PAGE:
A new beginning in Crested Butte, Colorado. A carnivorous plant on Skid Row. A chance meeting in a Moscow cafe. And, a fresh look at Jane Austen’s beloved Elizabeth and Mr. Darcy.
The 2015-16 theatre season of the University of Notre Dame’s Department of Film, Television, and Theatre (FTT) offers four distinctly different productions—Wildflower, Little Shop of Horrors, The Bear and Afterplay, and Pride and Prejudice—which together make this season one not to be missed, said Associate Professor Kevin Dreyer, director of the theatre concentration.
“Picking plays for the theatre season is a delicate balance between pedagogical needs, a wide variety of roles for our students, and a balance in titles we hope our audience will want to see,” Dreyer said. “This year reflects our renewed interest in musical theatre, our dedication to classical works and challenging language, and a touch of contemporary theatre to round things out.”
The season opens on Oct. 1 with Wildflower by Lila Rose Kaplan, the story of a mother and her teenage son starting over—and each discovering romance—in a small town in Colorado, home to the Wildflower Festival.
Directed by senior Anthony Murphy, Wildflower is part of the ND Theatre NOW series, which allows students to take on roles typically handled by professionals—designing, directing, and producing a show themselves.
“Every fall, we have this special opportunity to take the reins,” Murphy said, “while still getting support from the faculty and the department. And, the resources and great spaces in the DeBartolo Performing Arts Center are available to us. It’s just a really cool experience.”
An FTT major with a minor in business economics, Murphy said that while he’s been involved in theatre since he was a child, he is especially enjoying his time in the director’s chair at Notre Dame.
In addition to Wildflower, Murphy directed last year’s ND Theatre NOW production of Out of Orbit, as well as plays for PEMCo, the largest student-run musical theatre company on campus.
“I think that’s what intrigued me so much about it—there was a whole other avenue of theatre that I hadn’t explored,” Murphy said. “I’ve seen the backstage side, the onstage side, and now I’m really going for directorship.”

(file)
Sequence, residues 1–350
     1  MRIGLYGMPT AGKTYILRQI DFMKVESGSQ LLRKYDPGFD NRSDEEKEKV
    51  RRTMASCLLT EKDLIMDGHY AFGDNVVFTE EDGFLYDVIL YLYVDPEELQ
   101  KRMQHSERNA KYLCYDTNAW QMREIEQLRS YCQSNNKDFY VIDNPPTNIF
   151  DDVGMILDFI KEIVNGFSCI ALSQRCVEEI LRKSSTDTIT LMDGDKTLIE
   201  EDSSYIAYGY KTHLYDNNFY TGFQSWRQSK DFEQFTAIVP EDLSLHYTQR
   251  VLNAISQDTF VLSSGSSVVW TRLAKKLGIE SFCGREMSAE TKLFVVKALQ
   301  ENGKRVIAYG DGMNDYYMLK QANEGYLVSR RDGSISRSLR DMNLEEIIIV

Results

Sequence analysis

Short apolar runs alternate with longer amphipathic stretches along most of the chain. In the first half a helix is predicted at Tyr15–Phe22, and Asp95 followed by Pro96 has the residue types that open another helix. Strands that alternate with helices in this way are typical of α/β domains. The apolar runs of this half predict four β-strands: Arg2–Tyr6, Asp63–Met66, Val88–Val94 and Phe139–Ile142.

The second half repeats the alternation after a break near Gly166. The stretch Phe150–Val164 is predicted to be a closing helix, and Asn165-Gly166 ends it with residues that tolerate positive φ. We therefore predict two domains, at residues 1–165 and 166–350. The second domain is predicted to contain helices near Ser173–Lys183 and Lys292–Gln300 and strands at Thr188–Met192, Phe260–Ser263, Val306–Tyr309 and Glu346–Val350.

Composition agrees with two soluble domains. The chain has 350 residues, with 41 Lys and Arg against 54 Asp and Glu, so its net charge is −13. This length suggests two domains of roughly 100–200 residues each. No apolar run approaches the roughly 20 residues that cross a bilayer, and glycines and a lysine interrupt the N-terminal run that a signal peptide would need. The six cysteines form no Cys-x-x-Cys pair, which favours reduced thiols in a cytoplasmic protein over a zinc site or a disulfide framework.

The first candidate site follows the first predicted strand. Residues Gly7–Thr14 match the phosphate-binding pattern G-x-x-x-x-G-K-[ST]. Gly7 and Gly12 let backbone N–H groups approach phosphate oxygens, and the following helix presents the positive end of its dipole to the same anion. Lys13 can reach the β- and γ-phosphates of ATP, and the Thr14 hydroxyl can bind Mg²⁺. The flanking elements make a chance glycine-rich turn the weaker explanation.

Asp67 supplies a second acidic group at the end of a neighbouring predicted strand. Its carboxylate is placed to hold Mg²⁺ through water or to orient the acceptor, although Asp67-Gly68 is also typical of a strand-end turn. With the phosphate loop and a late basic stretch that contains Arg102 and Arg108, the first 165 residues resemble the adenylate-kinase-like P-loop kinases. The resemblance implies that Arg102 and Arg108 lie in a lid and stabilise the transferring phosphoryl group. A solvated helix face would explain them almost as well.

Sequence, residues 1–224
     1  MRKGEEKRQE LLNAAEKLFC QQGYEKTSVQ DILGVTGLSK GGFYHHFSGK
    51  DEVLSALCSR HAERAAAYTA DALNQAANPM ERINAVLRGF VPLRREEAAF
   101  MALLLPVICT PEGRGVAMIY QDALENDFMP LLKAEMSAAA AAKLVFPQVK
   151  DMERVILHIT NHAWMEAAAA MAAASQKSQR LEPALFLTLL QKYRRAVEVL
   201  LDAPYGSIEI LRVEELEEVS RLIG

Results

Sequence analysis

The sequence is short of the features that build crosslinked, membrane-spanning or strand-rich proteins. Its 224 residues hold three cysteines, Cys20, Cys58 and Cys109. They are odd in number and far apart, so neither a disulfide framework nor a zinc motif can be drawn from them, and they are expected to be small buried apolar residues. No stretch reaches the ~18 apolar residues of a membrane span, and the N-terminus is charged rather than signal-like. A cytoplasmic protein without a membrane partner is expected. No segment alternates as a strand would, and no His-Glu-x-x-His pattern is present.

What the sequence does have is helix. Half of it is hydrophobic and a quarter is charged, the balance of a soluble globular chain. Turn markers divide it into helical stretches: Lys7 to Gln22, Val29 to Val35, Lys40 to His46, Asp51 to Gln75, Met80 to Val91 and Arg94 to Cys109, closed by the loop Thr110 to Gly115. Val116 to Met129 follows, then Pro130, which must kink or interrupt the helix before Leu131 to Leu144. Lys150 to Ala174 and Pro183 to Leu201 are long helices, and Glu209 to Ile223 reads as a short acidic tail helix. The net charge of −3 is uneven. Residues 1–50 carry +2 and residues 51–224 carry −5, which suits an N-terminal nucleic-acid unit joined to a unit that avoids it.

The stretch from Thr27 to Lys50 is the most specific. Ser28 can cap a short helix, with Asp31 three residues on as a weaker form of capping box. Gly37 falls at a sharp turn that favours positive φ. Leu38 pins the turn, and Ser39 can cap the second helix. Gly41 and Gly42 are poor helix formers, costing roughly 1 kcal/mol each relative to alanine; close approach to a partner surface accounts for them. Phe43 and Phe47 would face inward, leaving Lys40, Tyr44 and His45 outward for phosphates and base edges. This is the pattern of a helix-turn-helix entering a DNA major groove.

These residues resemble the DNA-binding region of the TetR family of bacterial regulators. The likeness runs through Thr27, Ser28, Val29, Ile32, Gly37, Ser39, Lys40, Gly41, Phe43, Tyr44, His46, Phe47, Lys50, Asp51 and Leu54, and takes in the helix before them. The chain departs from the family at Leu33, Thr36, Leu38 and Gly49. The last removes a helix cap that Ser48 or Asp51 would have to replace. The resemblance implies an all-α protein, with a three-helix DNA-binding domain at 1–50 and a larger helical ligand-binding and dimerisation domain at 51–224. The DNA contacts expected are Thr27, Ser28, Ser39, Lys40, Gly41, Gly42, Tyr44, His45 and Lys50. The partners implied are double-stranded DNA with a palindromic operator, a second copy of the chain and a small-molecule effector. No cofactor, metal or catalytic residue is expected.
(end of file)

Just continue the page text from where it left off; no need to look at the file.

Murphy, who played the emcee in the 2013 FTT production of Cabaret, is also looking forward to the season’s production of Little Shop of Horrors—and plans to audition for the show.
Cabaret was the first full-scale musical to be produced by the department in more than two decades. The extremely positive response to that show—both on campus and throughout the community—inspired the faculty to include musicals in the FTT season every two to three years.
Professional director and choreographer Nathan Halvorson, who first came to Notre Dame to direct Cabaret, will return to direct Little Shop of Horrors.
“My experience there, with students and faculty alike, was beyond measure,” Halvorson said. “I couldn’t be more pleased by the success of Cabaret and the department’s continued commitment to the musical theatre form, and I’m grateful that they saw fit to bring me back.”
Little Shop of Horrors, by Howard Ashman with music by Alan Menken, tells the story of Seymour, an unlucky employee in a rundown floral shop on Skid Row who finds his chance at fame and happiness in the arrival of a mysterious, bloodthirsty plant.
“It’s a gem of a show,” Halvorson said. “It has terrific music, a delightful story, endearing characters and a heartfelt message. It honors the tradition of musical theatre, while skewering it and pushing it to new heights.”
In February, the department will present The Bear and Afterplay, two comic one-act plays by Irish dramatist Brian Friel, based on the works of Anton Chekhov.
The Bear is an adaptation of Chekhov’s early farce of the same name. Afterplay, set in 1920s Moscow, imagines a world where characters from different Chekhov plays—Sonya from Uncle Vanya and Andrey from The Three Sisters—happen to meet in a cafe, 20 years after their original stories.
The season will culminate in April with Jane Austen’s Pride and Prejudice. The 2007 stage adaptation by Jon Jory is a choice Dreyer believes will have broad appeal.
“Jory’s adaptation retains many of Austen’s own words,” Dreyer said, “giving the play a very familiar feeling to audiences who love her books.”
Dreyer also plans to collaborate with the DeBartolo Performing Arts Center on a film series celebrating Jane Austen, in conjunction with the production.